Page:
The real bugger about chassis integrity issues is that you’ll often not see or find them until you’ve stripped the car back to bare metal to start the build up. Even a small rust hole a couple of inches wide in a cross member is enough to completely derail a project, and might necessitate some judicious use of an angle grinder, some new steel, and a TIG welder. Other times, the chassis may be so far gone that you could be faced with fabricating an entirely new one to continue your project with.
This can be especially nasty in some cars from the 1970s and 1980s, as some of the sports cars from around that time started playing around with the idea of metal monocoques and “Tube frame” monocoques, and while they were often made out of aluminum, they too can still degrade over time. In those cases, such as with an older Lamborghini Countach, you are either completely out of luck, or you might be able to buy a replacement chassis from a specialist fabricator or, if you have the money, have Lamborghini’s Polo Storio classics department build you one.
Parts, Or The Lack Thereof
If you look at any modern car or truck, from the last year of its release or last year before a generation change, most manufacturers have a ten year parts supply plan. After that decade has passed, parts switch over to on-demand or third party only. However, since we’re talking about cars that could be up to 60, 70, or even 100 years old, it’s extremely unlikely you’ll be able to walk into Joe’s Car Parts and order up a piston ring.
Some companies, such as Mazda, Nissan and Porsche, know that their older cars are often collected, for example the RX-7 FC, Skyline GT-R32, and any generation of 911 respectively. For those companies, you can still order factory new parts, as they always have some on hand and have the molds for them in their archives. Other companies, such as Toyota, have started to make new parts for older cars, as there is a significant rise in the popularity of 1990s cars reaching the 25 year age to be deemed a classic, such as the Supra Mk IV and MR-2 Turbo.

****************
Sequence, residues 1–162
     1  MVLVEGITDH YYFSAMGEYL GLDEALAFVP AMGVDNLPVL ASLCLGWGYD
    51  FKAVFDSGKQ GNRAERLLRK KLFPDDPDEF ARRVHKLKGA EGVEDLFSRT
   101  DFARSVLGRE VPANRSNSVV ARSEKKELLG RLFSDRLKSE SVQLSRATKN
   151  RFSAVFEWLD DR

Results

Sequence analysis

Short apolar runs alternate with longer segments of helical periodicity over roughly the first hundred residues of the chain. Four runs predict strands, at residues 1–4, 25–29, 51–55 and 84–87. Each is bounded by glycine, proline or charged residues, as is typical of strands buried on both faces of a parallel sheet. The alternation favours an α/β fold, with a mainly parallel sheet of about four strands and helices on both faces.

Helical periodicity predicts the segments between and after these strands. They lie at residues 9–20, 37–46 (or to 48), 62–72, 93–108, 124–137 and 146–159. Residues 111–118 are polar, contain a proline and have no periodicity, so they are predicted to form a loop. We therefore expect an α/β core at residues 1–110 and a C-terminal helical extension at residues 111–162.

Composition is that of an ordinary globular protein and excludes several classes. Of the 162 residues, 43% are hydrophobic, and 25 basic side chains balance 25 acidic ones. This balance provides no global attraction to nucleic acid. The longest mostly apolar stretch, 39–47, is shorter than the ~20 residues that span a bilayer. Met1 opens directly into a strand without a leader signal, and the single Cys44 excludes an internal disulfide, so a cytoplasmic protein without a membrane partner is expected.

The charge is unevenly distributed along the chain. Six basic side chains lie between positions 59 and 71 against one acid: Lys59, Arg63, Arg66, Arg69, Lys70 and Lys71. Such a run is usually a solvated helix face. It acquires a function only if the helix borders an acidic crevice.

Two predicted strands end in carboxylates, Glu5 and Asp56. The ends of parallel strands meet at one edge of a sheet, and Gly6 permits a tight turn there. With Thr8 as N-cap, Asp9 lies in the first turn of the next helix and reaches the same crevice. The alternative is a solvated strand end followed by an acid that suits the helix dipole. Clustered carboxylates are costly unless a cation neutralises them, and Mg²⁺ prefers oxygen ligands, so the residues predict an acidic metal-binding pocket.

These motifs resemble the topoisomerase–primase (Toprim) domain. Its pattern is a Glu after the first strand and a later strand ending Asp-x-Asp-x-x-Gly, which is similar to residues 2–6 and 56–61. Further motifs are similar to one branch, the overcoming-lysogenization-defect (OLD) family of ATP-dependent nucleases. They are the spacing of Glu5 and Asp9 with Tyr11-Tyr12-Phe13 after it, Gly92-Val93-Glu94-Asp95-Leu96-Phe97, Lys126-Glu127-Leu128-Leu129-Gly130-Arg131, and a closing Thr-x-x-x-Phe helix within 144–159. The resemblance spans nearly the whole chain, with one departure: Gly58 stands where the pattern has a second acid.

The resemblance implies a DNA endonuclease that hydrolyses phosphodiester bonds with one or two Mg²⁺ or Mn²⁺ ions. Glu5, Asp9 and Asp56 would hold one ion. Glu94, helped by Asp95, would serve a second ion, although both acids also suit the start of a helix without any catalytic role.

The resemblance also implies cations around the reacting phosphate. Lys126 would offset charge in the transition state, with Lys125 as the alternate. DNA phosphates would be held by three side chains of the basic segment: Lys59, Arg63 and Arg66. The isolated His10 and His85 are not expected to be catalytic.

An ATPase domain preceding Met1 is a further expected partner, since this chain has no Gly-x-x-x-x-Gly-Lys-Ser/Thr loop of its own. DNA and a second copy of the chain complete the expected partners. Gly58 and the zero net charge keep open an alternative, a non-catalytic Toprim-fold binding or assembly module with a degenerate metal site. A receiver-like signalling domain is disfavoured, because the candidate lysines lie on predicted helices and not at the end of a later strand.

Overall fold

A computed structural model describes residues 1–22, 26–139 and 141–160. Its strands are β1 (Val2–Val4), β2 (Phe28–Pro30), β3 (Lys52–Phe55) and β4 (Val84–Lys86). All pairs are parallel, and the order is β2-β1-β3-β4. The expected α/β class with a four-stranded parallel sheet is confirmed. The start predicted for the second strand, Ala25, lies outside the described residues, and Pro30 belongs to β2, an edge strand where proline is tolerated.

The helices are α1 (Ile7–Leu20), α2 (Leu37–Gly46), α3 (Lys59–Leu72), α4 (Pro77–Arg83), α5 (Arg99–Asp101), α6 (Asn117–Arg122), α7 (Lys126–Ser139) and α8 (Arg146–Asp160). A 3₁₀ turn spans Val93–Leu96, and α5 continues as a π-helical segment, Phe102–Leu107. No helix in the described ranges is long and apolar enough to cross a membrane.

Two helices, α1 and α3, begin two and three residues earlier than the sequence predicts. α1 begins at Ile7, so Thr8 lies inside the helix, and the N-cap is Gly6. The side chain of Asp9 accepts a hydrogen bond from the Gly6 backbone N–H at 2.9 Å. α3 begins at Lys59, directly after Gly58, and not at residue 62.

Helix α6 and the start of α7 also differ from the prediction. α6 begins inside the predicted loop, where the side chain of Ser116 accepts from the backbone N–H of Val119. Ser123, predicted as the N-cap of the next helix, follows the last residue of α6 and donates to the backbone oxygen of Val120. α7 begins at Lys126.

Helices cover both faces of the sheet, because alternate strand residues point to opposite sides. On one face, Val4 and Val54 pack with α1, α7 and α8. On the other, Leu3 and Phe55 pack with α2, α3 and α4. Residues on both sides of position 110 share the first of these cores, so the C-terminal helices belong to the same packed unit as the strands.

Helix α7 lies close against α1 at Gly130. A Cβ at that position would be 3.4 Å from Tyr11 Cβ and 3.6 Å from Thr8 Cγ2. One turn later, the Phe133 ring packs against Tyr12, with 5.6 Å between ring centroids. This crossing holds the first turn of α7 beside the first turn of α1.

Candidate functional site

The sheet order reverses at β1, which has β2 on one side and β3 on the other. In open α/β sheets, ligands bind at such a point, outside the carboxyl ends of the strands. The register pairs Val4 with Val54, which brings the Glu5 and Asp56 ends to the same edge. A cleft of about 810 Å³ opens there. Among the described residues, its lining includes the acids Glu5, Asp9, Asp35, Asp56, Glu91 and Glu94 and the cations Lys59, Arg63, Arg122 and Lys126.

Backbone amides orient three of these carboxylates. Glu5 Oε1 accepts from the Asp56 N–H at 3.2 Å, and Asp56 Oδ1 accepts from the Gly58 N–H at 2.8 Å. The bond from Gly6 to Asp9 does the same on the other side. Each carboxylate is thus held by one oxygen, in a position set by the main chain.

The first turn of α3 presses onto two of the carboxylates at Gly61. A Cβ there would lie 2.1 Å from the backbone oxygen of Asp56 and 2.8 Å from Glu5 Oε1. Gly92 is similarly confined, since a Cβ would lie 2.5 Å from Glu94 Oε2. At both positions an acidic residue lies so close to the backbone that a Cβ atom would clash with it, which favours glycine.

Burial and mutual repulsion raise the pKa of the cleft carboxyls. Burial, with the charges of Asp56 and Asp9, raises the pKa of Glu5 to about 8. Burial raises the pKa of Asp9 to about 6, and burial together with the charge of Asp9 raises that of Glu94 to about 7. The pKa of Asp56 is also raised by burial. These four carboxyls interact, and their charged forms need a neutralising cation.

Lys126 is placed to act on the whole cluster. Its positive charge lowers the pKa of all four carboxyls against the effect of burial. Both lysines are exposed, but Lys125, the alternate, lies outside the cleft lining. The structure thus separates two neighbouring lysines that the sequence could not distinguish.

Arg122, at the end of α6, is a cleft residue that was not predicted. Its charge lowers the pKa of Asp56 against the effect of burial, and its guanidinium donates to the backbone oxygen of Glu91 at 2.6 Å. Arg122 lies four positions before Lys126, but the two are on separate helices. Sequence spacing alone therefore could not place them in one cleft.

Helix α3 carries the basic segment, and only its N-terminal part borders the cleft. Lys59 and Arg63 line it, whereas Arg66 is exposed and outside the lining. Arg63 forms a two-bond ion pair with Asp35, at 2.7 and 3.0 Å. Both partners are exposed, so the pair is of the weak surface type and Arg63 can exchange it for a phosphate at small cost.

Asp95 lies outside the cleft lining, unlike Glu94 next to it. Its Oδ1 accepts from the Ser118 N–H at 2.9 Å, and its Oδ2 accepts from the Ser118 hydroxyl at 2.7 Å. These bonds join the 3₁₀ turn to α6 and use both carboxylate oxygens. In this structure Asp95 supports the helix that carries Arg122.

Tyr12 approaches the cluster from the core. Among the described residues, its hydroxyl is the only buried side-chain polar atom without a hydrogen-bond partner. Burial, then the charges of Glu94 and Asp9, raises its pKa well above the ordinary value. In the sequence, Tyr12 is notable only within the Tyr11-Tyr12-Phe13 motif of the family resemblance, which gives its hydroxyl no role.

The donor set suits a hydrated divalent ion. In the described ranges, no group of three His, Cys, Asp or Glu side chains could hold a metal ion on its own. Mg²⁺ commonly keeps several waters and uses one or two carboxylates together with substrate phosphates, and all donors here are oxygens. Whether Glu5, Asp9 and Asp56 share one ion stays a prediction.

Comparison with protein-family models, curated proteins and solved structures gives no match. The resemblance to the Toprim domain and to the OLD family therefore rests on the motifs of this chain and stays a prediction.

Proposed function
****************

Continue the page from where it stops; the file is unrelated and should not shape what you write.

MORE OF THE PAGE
Those, however, are specific cases of a company embracing the restoration and restomod community and providing factory new and guaranteed parts. But what if you’re restoring a Triumph TR6? The automotive side of Triumph was shuttered in 1984, and it’s very likely the molds were sold off as collectibles or lost. In those cases, you can really only get parts from a specialist manufacturer that is dedicated to that brand of car, or in the worst case, pay to have a part custom made.
This challenge is the one that will 9 times out of 10 stop a restoration project in its tracks. The world is a big place, and sometimes finding a crankshaft or connecting rod specifically for the engine you’re rebuilding is akin to finding a needle in a country full of haystacks.
Restoring A Car Can Be Challenging… But Not Impossible
isn’t it the point of restoring a car to overcome all the challenges you’ll encounter along the way? For many, that would be an immediate and very enthusiastic “Yes!” Being brutally honest, it could be that we classic car enthusiasts are a very stubborn bunch, determined to see a project through to the end no matter what. If it gets completely derailed and stuck, we then have the option of a restomod, improving the car in small or big ways with new engines, parts, materials, and fabrication techniques.
Classic sports cars are currently in a really good place, as there has been a resurgence of interest in the classic petrol drinkers as electric cars and motorcycles are starting to become, dare we say, mainstream. There are specialist companies in almost every city across the USA that deal with your particular brand (or brands) of interest. There are companies out there that are making new exhausts and catalytic converters, but making them look as original and classic as possible. Even some of the major manufacturers have dusted off their old parts molds and are now making new, factory guaranteed parts, simply because there is enough consumer interest.
So, roll up those sleeves, pick up that wrench, and face the modern restoration challenges head on!